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|Title:||Investigation of phenylpropanoid sucrose esters as antidiabetic compounds||Authors:||Wong, Kathy Pooi Wen||Keywords:||Science::Chemistry||Issue Date:||2020||Publisher:||Nanyang Technological University||Source:||Wong, K. P. W. (2020). Investigation of phenylpropanoid sucrose esters as antidiabetic compounds. Doctoral thesis, Nanyang Technological University, Singapore.||Abstract:||With a rapid increase in the number of diabetic patients, treatment of the disease has been a growing concern worldwide. Hence, research on diabetes has also been one of focus areas in the research arena. Alpha glucosidase inhibitors (AGIs) are a class of anti-diabetic drug known for their effectiveness and safety. However, they are associated with gastrointestinal (GI) side-effects such as diarrhoea, nausea and flatulence. Therefore, the key focus of this thesis is to develop phenylpropanoid sucrose esters (PSEs) as potential AGIs that are effective in controlling blood glucose levels while minimising the GI side-effects. In this thesis, three series of di-substituted PSEs were synthesized and their structure-activity relationship (SAR) studies were performed to understand the effect of the substitution pattern on the inhibition activities. Additionally, selected PSEs were tested for anti-oxidant activity, stability, permeation through the gut, and cytotoxicity. Gathering from the in-vitro tests, the caffeoyl substituent seemed to be most effective substituent in inhibiting alpha glucosidase since all the di-caffeoyl PSEs exhibited inhibitory activities against alpha glucosidase. However, none of the substituents seemed to be more potent than the other in the inhibition of alpha amylase. Although none of the di-substituted series were more potent than the other in the inhibition of alpha glucosidase, 3,6’-di-substituted PSEs were the least potent amongst the di-substituted PSEs and 3,4’-di-substituted PSEs were the most potent in the inhibition of alpha amylase. While all the tested PSE compounds degraded instantaneously when exposed to simulated gastric fluid (SGF) as expected, a trend was identified regarding the stability of the PSE compounds in simulated intestinal fluid (SIF). Di-substituted PSEs, with substituents at the O-6’ primary position and O-3 position were more susceptible to the enzymatic degradation in SIF than PSEs with substituents at O-3’ secondary position and O-3 position. However, this observation was not applicable to PSEs with methoxy group(s) attached to the substituents. Based on the DPPH and ABTS assays, the anti-oxidant abilities of the di-substituted PSEs abided the following order, hybrid 77 (hybrid of coumaroyl and feruloyl) < di-feruloyl PSEs < di-sinapoyl PSEs < di-caffeoyl PSEs. Therefore, while serving as an AGIs, the two PSE lead compounds 3,6’-caff 163 and hybrid 77 could possibly multifunction as an anti-oxidant. As observed from the Caco-2 transportation studies, hybrid 77 is systemic (Papp of 7.16±0.76 [·10-6cm/s]) while 3,6’-caff 163 is non-systemic. Not only could hybrid 77 help to regulate postprandial blood glucose, it can co-serve as an anti-oxidant once it is absorbed into the bloodstream. Furthermore, the two lead compounds did not seem to have any toxicity effect on Caco-2 cells as shown from the live/dead assay. From the MTT assay, no cytotoxicity of HepG2 cells was observed during the first 24 hours of exposure to the two lead compounds (of two different concentrations). Further exposure of MTT cells to hybrid 77 (at a higher concentration) for 48 hours, resulted in a cytotoxicity of 11%. Since hybrid 77 is a systemic drug, dosing of the compound would have to account for both the rate at which it is transported across the gut wall and its toxicity. Whereas for 3,6’-caff 163, dosing of the drug would have to take into account the rate at which it is metabolised in the small intestine. The two lead compounds exhibited different stability and permeability properties and both of them could co-serve as anti-oxidants. Overall, the work in this thesis present a basic understanding of inhibition activities, antioxidant activities, stability, absorption and cytotoxicity. Based on these results, suitable formulations and dosing of these compounds could be designed for future in-vivo tests.||URI:||https://hdl.handle.net/10356/137379||DOI:||10.32657/10356/137379||Rights:||This work is licensed under a Creative Commons Attribution-NonCommercial 4.0 International License (CC BY-NC 4.0).||Fulltext Permission:||open||Fulltext Availability:||With Fulltext|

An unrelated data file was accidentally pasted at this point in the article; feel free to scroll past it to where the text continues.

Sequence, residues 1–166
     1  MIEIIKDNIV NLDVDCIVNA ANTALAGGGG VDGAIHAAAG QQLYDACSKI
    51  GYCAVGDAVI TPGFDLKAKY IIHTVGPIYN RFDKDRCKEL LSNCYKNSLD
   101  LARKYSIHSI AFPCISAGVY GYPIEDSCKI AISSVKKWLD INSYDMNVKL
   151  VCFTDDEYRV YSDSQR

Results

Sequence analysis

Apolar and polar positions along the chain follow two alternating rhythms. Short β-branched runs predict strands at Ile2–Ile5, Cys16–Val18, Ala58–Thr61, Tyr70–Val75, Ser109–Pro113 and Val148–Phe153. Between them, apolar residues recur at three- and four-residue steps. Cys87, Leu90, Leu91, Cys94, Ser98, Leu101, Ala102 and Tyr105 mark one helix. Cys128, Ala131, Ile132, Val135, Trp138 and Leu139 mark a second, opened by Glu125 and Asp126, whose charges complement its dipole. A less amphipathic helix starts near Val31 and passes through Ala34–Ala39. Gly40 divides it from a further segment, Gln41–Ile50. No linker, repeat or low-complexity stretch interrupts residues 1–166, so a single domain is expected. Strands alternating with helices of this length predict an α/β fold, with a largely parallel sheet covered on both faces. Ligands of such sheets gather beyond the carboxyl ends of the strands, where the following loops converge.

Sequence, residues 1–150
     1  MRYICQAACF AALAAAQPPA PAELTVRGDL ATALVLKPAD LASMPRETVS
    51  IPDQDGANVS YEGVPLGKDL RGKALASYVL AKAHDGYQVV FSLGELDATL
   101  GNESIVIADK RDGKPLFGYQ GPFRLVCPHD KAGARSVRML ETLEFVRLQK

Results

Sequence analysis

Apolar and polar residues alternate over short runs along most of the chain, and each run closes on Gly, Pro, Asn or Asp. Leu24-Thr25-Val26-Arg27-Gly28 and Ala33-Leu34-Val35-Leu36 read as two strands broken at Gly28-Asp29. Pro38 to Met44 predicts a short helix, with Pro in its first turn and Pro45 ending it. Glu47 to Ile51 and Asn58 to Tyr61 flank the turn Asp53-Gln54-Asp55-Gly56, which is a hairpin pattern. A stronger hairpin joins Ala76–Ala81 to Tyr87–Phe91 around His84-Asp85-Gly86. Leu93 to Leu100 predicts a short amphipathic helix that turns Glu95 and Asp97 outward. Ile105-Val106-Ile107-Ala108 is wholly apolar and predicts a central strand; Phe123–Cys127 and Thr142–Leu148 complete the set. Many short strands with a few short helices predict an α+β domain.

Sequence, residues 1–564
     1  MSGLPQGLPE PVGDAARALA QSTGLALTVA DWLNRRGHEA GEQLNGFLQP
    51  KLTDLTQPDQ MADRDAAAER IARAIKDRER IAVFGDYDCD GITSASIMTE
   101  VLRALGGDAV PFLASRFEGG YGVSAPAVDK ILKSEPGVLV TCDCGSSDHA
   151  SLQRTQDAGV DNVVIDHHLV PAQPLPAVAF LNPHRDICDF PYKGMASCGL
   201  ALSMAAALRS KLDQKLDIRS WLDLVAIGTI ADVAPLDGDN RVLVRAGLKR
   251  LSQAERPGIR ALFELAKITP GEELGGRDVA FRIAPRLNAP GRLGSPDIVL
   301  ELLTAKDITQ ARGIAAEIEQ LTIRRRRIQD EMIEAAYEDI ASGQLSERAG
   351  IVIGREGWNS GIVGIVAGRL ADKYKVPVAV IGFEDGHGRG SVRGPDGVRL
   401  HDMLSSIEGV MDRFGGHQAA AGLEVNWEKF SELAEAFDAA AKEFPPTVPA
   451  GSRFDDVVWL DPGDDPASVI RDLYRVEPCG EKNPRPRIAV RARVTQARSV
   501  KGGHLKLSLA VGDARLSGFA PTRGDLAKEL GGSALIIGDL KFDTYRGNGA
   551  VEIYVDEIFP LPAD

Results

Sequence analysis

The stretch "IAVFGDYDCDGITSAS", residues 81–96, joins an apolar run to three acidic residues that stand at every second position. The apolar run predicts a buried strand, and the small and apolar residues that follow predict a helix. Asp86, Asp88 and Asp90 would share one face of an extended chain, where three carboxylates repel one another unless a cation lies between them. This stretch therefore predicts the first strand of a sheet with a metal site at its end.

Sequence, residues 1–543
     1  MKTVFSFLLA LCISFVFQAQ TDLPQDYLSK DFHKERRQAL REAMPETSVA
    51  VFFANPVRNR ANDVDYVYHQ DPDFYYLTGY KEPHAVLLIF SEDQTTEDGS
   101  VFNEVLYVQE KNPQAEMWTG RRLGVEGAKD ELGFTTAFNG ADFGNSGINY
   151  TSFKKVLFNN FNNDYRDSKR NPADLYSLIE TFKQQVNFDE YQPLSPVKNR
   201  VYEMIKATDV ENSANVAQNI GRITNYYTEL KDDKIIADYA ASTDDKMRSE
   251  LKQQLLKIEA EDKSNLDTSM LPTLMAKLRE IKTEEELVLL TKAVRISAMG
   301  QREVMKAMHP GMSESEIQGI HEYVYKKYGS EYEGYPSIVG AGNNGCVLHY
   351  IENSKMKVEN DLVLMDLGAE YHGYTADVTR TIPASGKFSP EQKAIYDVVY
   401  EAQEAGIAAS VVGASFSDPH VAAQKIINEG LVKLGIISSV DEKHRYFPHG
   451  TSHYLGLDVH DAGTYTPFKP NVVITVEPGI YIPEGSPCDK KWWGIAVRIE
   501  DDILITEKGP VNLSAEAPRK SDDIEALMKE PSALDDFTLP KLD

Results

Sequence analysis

|Appears in Collections:||IGS Theses|
Updated on Feb 5, 2023
Updated on Feb 5, 2023
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